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*WARNING* This Article Contains Mild Hints Of Praise For David Moyes.

David Moyes, the Manchester United, enjoys some much-needed respite at Old Trafford.In recent weeks and months, the mere suggestion of getting behind David Moyes, or even backing one solitary decision of his, has been fervently jumped on by certain sections of the United faithful like wild dogs. It’s almost like every good thing to happen to United this season (granted there haven’t been many) has been nothing to do with the manager at all.

There’s an old saying in football that players get positive results and managers get negative ones.

However, even the most avid member of the ‘Moyes Out’ brigade must have woken this morning with a smile on their face, even though the man whose head they hunt so hungrily remains in charge. We came up against the so called best team in the world, and we came out with a positive result.

I don’t care how against Moyes you are, United achieved something last night that every team on the planet would proclaim to be a good result. Not only did they achieve that, they also did it on the backdrop of a truly disastrous domestic campaign and the anticipation of an absolute hiding.

It drew, for me, comparisons to the 2008 semi-final performance at home to Barcelona. We went into the game last night knowing exactly how Bayern would approach it and we successfully combated that approach for the entire game, bar one momentary lapse.

Granted, that momentary lapse may well cost us a place in the semi-finals of Europe’s elite competition, but we can be proud of the lads and the shift they put in last night. There is absolutely no shame in drawing with Bayern Munich, regardless of who you are, let’s not forget that.

There were some rather heroic shifts put in last night. Defensively, we were terrific. It was a back four which picked itself, thanks to injuries and suspensions, but my word they didn’t disappoint. It was like the Vidic and Ferdinand of old, they rolled back the years and certainly didn’t look out of place.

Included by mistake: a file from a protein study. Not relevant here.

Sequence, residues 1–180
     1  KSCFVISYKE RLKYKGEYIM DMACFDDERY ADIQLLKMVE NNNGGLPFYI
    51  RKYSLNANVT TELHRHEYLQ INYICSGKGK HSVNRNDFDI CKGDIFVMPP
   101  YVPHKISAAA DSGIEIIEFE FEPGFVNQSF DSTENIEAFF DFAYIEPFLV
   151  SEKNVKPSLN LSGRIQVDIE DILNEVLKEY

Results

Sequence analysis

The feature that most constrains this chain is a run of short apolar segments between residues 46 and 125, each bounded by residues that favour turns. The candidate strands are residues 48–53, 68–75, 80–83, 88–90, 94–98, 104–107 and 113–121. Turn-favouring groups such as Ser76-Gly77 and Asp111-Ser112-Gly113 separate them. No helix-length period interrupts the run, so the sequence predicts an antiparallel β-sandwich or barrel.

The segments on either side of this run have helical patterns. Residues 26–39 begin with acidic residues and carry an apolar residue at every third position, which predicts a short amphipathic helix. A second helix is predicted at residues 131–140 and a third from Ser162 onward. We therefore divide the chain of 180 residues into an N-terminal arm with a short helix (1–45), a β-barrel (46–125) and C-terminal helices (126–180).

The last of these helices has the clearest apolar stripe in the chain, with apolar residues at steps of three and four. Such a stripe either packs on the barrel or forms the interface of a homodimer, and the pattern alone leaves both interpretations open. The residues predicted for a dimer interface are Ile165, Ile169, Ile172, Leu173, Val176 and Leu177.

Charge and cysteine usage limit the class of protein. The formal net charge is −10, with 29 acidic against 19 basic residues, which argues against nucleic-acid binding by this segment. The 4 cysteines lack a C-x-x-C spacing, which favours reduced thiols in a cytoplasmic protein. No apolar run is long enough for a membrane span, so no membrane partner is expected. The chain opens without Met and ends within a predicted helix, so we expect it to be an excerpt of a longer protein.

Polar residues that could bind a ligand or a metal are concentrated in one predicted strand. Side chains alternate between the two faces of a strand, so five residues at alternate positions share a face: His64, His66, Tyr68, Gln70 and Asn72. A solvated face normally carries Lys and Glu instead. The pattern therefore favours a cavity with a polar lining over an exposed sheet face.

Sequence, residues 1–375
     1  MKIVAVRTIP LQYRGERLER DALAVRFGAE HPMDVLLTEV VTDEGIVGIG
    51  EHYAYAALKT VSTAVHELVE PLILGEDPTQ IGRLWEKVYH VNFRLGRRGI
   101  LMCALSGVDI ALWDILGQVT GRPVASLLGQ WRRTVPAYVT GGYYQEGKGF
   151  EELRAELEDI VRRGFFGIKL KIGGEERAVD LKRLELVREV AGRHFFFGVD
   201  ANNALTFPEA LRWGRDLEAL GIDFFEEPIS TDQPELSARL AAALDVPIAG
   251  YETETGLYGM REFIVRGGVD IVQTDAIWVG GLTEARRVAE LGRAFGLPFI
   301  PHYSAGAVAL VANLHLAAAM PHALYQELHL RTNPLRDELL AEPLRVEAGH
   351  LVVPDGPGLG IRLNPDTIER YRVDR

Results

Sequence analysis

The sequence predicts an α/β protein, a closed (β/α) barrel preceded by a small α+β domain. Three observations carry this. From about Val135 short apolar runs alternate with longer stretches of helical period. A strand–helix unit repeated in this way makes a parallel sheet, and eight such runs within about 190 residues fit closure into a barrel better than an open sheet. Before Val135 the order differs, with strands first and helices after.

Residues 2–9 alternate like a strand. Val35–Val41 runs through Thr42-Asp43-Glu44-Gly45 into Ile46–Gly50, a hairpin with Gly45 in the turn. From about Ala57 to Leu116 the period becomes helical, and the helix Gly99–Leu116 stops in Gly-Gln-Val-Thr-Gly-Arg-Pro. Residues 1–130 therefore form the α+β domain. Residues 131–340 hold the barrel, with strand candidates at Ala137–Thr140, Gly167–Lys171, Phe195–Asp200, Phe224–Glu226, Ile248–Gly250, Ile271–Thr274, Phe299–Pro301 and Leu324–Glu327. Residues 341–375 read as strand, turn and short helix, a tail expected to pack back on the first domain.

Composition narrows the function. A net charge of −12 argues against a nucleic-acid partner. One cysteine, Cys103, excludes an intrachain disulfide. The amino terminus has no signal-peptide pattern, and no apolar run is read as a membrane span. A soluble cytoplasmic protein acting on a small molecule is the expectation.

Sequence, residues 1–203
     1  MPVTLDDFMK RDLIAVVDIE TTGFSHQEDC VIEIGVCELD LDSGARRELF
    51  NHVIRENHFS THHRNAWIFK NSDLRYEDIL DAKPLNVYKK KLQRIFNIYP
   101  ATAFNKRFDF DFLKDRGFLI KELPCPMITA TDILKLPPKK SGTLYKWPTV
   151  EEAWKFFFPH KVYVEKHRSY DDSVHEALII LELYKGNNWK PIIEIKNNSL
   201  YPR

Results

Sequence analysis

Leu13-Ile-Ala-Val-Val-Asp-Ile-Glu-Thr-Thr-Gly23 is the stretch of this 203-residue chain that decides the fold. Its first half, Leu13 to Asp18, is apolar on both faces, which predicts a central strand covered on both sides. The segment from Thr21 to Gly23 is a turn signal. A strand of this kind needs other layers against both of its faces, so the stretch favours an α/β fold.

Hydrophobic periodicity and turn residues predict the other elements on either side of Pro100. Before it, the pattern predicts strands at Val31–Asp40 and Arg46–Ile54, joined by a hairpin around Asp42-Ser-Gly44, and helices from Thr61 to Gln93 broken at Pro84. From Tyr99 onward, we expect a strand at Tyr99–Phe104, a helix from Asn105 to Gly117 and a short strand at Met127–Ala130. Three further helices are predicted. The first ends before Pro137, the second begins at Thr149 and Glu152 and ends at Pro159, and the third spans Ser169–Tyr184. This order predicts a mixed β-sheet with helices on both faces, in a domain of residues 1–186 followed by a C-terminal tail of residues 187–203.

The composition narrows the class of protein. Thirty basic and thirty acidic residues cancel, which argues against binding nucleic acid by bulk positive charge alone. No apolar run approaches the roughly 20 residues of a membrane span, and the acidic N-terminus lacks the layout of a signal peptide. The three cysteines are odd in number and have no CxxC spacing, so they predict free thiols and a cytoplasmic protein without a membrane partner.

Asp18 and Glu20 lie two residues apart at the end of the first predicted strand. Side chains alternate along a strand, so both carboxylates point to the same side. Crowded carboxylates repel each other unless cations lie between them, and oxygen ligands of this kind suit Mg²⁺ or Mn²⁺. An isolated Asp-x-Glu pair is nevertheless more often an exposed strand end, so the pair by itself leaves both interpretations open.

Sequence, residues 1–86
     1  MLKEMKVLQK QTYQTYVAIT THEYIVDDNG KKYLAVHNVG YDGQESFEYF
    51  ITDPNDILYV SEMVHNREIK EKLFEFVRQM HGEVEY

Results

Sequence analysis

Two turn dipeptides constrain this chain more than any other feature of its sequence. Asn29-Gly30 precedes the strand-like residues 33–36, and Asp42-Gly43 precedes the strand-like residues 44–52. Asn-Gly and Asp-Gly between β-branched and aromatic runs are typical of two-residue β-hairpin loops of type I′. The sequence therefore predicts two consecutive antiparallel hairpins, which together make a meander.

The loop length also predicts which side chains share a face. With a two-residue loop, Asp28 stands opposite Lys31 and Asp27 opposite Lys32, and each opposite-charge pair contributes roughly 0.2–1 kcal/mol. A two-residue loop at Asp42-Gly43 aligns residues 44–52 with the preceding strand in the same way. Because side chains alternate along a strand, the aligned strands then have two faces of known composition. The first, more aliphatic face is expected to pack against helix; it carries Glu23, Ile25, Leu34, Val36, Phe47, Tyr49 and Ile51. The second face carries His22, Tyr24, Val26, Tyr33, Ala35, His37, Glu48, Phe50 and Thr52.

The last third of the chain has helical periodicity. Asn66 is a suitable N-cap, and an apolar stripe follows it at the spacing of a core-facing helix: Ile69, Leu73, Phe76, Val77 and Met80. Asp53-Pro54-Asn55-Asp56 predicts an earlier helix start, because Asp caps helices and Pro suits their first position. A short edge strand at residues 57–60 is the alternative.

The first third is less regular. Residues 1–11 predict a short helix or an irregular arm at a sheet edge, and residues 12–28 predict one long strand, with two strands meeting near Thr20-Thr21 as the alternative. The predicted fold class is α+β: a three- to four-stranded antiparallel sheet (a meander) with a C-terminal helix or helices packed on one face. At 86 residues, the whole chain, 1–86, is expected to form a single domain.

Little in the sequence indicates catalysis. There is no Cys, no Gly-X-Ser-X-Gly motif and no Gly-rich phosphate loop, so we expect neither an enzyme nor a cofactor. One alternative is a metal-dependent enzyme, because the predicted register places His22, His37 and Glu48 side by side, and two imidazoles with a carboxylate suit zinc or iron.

Phil Jones was his usual tenacious self. I worry that it verges on rash and reckless at times, but he did well last night and kept Ribery relatively quiet. On the other side, after a nervy start, Alexander Buttner put in a superb performance and most definitely showed he was a more than worthy replacement for Patrice Evra.

The midfield worked their socks off all night. The weakness there is clear for all to see and has been well documented. There is no one who seems capable of putting a foot on the ball and calming things down, which we could have really done with last night.

Carrick did well defensively, as did Valencia, who put in another terrific shift. Giggs didn’t quite seem up to the pace of it though and it was a brave, but ultimately, correct decision to remove him on half time for Shinji Kagawa, who looked bright.

The main blot on Moyes’ score-sheet last night came in the shape of Marouane Fellaini. He is a presence. Apart from that right now, I don’t see much else from him. He consistently lost the ball in the first half and was actually getting a bit of stick from the fans. He played a role of sorts, but it was his fault for losing Schweinsteiger for the goal.

Danny Welbeck was terrific, but will really be kicking himself for that missed opportunity. Wayne Rooney did what he had to do, however unspectacular it was.

So where does Moyes fall into all of this? Well he actually didn’t do too badly really. He set up as he needed to. If you attack Bayern, they’ll destroy you, plain and simple. It’s a philosophy he played more often than not with Everton, it’s not United’s philosophy, but if this is what we need to do to get positive results in Europe, then so be it.

Sir Alex wasn’t the most adventurous in games against the best in Europe. You have to be disciplined. If this is where David Moyes excels, it’s not going to allow him a long Manchester United career, but it appears to be giving us an extended European vacation.

I felt at the start of the season, that United could perhaps be considered dark horses for the Champions League, based on the example set by Chelsea not so long ago, proving it’s possible to be successful on foreign shores even when it’s not going your way domestically.

It’s a long shot I know, but football is a funny old game. If you need any further proof of that, looks who’s top of the league..

Greg

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